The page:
Showing posts from September, 2009

Guru Mantra: Prof. Jane Schukoske, University of Baltimore

Prof. Jane E. Schukoske
University of Baltimore, Maryland, USA
Former Executive Director, USIEF

After nine years in New Delhi, India, Jane E. Schukoske returned in summer 2009 to the University of Baltimore, Maryland, USA, to direct and teach in a Masters degree program in the Law of the United States for lawyers who received their first degree in law outside the United States. From 2000-08, she directed USEFI, now named the U.S.-India Educational Foundation, the binational Fulbright Commission with offices in Delhi, Chennai, Kolkata and Mumbai.  In 2008-09, she advised the sponsoring body of the private, non-profit O.P. Jindal Global University and Jindal Global Law School established in 2009 in Sonipat, Haryana, in the National Capitol Region of Delhi.  At University of Baltimore School of Law from 1988-2000, Prof. Schukoske taught Contracts and a seminar in Law and Social Reform, among other courses, and established and directed the Community Development Clinic.  Previously, she pract…

Enabling Education Entrepreneurship in India

Education is central to the human capital development and economic development of any country. Even for India, where only 12% of the addressable population goes to college and nearly 70% of the population is in rural areas, education is considered a very important channel for socioeconomic mobility. Unfortunately, despite huge demand and need of education, policy framework in India has stifled access, quality and innovation in education.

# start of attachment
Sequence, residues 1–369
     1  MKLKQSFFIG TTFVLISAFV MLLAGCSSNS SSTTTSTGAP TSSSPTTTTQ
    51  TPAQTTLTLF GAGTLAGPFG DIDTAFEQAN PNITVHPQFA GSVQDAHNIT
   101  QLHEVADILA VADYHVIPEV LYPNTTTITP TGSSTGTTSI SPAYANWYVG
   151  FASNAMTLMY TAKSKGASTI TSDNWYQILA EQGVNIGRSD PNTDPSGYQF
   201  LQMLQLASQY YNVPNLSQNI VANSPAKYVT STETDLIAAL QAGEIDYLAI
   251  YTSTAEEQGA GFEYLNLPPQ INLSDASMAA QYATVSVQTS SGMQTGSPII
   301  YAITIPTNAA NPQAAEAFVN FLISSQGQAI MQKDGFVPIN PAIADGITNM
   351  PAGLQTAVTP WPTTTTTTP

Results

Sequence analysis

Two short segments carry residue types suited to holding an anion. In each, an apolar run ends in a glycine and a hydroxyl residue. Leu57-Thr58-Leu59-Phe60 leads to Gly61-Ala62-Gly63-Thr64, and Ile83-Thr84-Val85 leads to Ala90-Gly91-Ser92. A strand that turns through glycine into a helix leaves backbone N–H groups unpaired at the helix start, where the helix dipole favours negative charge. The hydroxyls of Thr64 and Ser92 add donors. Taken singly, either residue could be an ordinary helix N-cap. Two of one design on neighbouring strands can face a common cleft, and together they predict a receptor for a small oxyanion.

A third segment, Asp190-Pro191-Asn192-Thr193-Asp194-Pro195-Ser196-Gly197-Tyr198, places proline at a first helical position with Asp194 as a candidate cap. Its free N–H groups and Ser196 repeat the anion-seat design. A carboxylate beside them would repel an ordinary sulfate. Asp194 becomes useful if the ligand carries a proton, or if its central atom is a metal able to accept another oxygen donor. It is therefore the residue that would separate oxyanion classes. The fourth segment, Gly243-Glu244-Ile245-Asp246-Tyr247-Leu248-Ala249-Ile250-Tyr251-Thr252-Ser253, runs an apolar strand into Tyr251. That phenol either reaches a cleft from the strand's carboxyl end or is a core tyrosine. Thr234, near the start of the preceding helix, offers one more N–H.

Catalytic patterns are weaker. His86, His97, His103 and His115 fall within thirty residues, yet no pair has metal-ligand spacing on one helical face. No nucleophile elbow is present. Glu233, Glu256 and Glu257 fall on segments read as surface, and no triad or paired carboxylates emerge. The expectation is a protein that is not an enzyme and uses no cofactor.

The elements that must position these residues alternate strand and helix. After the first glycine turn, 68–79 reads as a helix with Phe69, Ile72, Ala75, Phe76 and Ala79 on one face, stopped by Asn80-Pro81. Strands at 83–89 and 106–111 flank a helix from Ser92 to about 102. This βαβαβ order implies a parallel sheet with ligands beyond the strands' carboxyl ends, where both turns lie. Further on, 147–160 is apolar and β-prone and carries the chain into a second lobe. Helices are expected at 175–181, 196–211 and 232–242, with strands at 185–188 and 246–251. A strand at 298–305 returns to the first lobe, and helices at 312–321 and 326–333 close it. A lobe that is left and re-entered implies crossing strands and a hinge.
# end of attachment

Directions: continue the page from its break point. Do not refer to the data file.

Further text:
I recently conducted a Linkedin poll and asked "What is the biggest constraint in setting up a 'high quality' academic institution in India?" The response was loud and clear--regulatory mechanism is the biggest constraint, followed by investments/funding.

In this scenario, education entrepreneurs serve as " visionary thinkers who create brand new for-profit or nonprofit organizations that seek to have a large-scale impact on the entire public school [education] system-and in so doing, redefine our sense of what is possible …

Engineering oversupply: More students headed for graduate education

I discussed in my earlier posting that India is facing a situation of oversupply of engineering graduates not only due to recession which has slowed campus recruitment but also because of the skills gap. Thus, while the demand side equation has slowed, the supply of engineering graduates has increased at a faster pace resulting in a bigger gap and unemployment among engineering graduates. I argue that this oversupply of unemployed and largely dissatisfied engineers will continue to boost the demand for master's level education in India and abroad.

Fresh graduates from engineering programs have three primary career options:
1) Employment
2) Higher Education - India - M.E./M.Tech. or MBA
3) Higher Education - Abroad - MS or MBA

Premier Indian institutions like the IITs are also facing the brunt of the recession and their placement numbers have taken a dip. For example, according to HRD Minister Kapil Sibal, number of students recruited by MNCs from seven IITs reduced from 3,031 stu…